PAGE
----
The glitz and glamour were on full display at this years’ UBCP/ACTRA Red Carpet Event and Awards Show this past weekend. If everyone has a story, then you can multiply that by twenty for every person that walked the carpet that night. They are the characters we fell in love with and some that we’ve come to despise because of the diverse work they’ve done in film. They’ve made us laugh and cry, they’ve made us angry and frightened and they’ve given us a sense of who familiarity without truly knowing who they are. The red carpet is where we have that opportunity to peel away some of the characters they play and truly find their core.
Certainly everyone appears so different from their characters we’ve come to know on the screen and Lorne Cardinal is no exception. He looked smashing and very stylish in a very fetching suit. I think I need to stop shopping at Bed Bath and Beyond for my outfits. He was my first guest that I was chomping at the bit to talk to. I had been familiar with his work as Sergeant Davis Quinton on Corner Gas, Kayak to Klemtu and Never Steady, Never Still. Lorne has been in over 80 productions and is the recipient of multiple Gemini Awards and has also won an American Indian Movie Award. His work and dedication have made him a much sought after actor and he continues to stay busy with multiple projects in the works. I’d never spoken to him before and became slightly rapt as I anticipated his approach.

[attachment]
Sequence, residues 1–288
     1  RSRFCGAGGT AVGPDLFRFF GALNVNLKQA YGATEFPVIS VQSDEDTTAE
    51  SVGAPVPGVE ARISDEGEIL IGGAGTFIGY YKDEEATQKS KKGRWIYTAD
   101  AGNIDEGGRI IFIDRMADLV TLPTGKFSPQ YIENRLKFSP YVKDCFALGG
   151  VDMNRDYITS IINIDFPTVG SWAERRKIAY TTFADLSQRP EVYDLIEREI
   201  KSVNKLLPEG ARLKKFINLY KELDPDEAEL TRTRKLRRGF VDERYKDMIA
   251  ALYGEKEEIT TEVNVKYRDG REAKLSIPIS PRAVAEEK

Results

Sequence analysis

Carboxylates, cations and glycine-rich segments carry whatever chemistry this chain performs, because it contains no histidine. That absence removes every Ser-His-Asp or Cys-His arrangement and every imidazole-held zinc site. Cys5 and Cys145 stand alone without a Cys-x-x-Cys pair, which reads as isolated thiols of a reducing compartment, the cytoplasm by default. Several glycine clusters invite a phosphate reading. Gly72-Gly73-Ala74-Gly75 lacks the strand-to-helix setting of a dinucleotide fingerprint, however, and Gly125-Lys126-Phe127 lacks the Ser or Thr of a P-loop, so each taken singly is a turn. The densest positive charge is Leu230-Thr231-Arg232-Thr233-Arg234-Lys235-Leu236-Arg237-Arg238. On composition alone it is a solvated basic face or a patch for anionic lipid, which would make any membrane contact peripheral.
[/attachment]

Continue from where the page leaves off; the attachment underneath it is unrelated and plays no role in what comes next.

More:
“Hello Lorne, it is a pleasure to meet you. I’ve been enjoying your current work on the now animated Corner Gas. What other irons do you have in the fire?”
“I’m currently working on Molly of Denali. It’s also an animated series that can be seen on PBS and CBC Kids. It’s set in Alaska and it’s the first animated series featuring an Indigenous lead family in American TV history. It’s quite relevant and fun to do. Each episode is 15 minutes long and the talent is incredible. We have Indigenous actors from Seattle, Edmonton and here in Vancouver. We’re also being directed by the incredible Nicole Oliver (My Little Pony, The Man in the High Castle, Unspeakable), she’s well known in the voice world.”